Bath Botanical Gin Distillery - Review
Posted on: 2017-05-04
Could Widcombe’s making be mother's ruin?
I saw Bath Botanics as I was walking along Prior Park Road. It used to be a double garage and now it’s a shop and gin distillery. I crossed over and looked in the window at some pretty copper pots and dried herbs.
Inside it’s done up like an old Apothecary shop with shelves supporting neatly arranged bottles of coloured liquid, all behind a large counter.
The owner, distiller and proprietor of the shop is Sue, who welcomes all visitors to sample the gin and elixirs that she herself makes on the premises, for at the end of the shop is a magnificent copper sill.
Twice a week she moonshines producing what she has called No 1 Gin. This is a combination of nine ‘botanicals’ (herbs), steeped for 24 hours before being distilled. In addition to this, several fruit gins are created by steeping organic fruit in No 1 Gin. But how, I wondered, could I sample several gins, for this review, without passing out? Sue has the matter in hand. On a table top are several jars of gins and elixirs, clearly marked as to the flavour. Next to them are two jars with straws in them. One with fresh straws, one with those that have been used. You dip one end of the straw into the jar of gin and put a finger over the top of the straw, this creates suction and so a little bit of gin goes up the straw and stays there until you have popped it in your mouth and released the gin. This is quite enough to get the flavour. I tried Gooseberry which was mellow, Raspberry that was sweet, but my favourite was White Willow – sour and smokey – but all with that gin tang.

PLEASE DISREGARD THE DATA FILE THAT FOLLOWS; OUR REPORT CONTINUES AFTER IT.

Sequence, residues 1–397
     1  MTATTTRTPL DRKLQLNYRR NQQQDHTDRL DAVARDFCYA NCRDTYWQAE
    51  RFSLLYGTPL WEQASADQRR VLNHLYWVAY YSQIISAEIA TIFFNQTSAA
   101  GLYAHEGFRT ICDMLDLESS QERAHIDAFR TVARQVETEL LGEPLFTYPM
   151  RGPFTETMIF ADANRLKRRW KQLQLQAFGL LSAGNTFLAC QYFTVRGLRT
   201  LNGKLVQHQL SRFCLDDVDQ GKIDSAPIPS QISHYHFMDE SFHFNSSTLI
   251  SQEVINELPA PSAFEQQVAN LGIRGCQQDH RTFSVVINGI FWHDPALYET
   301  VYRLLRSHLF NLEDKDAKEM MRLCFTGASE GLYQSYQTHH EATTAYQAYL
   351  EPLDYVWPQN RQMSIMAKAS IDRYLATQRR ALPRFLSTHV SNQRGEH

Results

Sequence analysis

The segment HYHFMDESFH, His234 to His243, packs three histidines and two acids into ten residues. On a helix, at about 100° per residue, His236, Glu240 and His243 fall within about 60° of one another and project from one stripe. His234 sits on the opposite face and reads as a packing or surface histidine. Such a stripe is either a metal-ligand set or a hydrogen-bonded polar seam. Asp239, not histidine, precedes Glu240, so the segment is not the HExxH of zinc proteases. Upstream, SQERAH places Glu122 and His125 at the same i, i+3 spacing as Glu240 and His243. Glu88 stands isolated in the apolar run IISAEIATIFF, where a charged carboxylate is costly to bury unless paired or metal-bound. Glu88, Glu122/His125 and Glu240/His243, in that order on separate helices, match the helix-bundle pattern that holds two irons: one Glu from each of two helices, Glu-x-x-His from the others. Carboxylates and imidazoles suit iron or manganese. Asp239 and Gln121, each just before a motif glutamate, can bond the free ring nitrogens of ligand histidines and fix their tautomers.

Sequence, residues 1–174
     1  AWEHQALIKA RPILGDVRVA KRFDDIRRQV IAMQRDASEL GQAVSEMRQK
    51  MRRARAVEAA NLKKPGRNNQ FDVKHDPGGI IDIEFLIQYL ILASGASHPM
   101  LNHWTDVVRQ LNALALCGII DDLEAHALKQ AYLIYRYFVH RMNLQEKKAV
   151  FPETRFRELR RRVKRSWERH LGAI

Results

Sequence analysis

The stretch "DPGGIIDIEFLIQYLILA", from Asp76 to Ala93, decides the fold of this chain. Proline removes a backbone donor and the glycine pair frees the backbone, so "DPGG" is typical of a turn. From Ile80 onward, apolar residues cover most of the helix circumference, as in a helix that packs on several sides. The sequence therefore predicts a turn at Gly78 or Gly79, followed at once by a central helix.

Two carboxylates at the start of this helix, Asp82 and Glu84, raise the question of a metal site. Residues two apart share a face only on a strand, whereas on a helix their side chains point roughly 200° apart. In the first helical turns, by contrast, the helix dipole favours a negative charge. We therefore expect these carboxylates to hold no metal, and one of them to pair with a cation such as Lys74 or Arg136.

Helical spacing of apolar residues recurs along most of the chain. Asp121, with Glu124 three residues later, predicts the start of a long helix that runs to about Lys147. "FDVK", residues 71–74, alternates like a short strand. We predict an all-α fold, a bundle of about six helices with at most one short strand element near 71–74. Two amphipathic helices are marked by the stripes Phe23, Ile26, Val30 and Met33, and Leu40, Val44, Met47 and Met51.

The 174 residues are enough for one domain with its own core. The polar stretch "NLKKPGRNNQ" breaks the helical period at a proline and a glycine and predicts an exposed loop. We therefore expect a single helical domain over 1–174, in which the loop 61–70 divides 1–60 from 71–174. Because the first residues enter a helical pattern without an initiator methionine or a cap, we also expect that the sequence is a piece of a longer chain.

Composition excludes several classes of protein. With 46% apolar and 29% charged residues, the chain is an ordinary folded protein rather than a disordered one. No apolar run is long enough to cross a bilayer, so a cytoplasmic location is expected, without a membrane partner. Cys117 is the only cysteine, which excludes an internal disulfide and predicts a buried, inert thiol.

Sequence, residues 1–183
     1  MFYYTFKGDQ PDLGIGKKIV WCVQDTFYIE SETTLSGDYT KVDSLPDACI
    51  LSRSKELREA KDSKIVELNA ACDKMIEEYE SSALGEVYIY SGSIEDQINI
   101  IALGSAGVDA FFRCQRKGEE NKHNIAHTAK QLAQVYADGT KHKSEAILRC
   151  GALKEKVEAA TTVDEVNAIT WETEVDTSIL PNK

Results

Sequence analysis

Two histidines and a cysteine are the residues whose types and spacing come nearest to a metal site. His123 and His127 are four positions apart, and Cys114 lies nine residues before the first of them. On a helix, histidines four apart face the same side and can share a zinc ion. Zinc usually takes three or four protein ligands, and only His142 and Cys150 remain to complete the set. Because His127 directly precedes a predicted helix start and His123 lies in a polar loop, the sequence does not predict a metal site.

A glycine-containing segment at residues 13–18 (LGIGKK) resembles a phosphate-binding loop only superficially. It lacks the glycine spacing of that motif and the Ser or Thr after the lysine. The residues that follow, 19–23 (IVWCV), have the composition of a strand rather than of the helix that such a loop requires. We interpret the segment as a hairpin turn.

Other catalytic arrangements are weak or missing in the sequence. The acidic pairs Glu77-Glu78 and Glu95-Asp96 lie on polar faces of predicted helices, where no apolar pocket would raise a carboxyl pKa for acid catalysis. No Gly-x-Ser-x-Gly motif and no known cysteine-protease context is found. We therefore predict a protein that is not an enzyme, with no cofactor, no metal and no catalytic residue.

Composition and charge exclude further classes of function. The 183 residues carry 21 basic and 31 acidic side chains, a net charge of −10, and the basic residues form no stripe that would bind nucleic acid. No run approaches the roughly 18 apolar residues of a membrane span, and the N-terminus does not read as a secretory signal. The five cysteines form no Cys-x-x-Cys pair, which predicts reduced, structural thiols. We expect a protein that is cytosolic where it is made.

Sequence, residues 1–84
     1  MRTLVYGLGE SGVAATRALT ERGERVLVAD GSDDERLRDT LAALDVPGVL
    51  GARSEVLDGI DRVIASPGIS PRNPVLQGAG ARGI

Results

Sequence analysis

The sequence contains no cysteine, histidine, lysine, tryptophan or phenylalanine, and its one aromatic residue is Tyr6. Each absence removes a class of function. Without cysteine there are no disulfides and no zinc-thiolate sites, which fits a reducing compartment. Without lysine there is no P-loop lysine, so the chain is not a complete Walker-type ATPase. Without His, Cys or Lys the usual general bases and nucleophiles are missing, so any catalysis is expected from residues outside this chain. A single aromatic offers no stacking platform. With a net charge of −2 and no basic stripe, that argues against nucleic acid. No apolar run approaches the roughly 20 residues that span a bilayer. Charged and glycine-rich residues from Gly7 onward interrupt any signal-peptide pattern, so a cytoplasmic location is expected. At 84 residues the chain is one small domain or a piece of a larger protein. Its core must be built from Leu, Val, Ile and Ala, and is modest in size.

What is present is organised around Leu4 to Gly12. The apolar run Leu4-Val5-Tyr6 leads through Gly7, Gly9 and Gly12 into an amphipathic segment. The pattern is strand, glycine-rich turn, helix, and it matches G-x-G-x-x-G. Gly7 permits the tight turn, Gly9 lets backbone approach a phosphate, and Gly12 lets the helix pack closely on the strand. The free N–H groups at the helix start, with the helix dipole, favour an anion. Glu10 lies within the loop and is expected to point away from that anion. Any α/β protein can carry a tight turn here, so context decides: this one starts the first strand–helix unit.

Sue explained that she had recently graduated from the University of Middlesex with a degree in Herbal Medicine (after doing many other interesting things) and had taken a particular interest in a concoction called ‘Bitters’. Now, I know what that is from my childhood when I too took an interest in my parents’ bottle of Bitters, a funny looking little black bottle covered in a label with writing all over it; not a thing I’ve seen on sale for years. I tried taking a swig (you are only supposed to add a drop or two to the old G&T), a traumatic experience that I’d rather not talk about. However, Sue explained that these distillations were originally prepared for their medicinal benefits and this, if you think about it, is the origin of most spirits and many wines. As an extension of the medicinal theme she also prepares herb teas, sold in decorative packets.
Amongst the other lovely things for sale in the shop are tiny, cut crystal glasses that really show the appropriate quantities for medicinal elixir consumption. There is not a bottle of tonic in sight, no, because like good brandy, good gin is best drunk neat. The only mix Sue suggested was a small dose of Raspberry gin to lift an otherwise cheap Prosecco. Good idea and I look forward to trying that and a new gin she will be distilling shortly, when the flowers are out – Elderflower gin.
There are three sizes of gin bottle starting from £6 to £29.50. Or, you might try the deal on – four small bottles of fruit gin for £20, they would make a very nice present if you aren’t tempted yourself.
Find the Bath Botanical Gin Distillery on Facebook here.
Vicky is involved with the local arts community, teaching performing arts and also writing theatre/circus reviews. She's been living and happily eating her way round Bath for 12 years. And in her words "I mean to go on as I started!"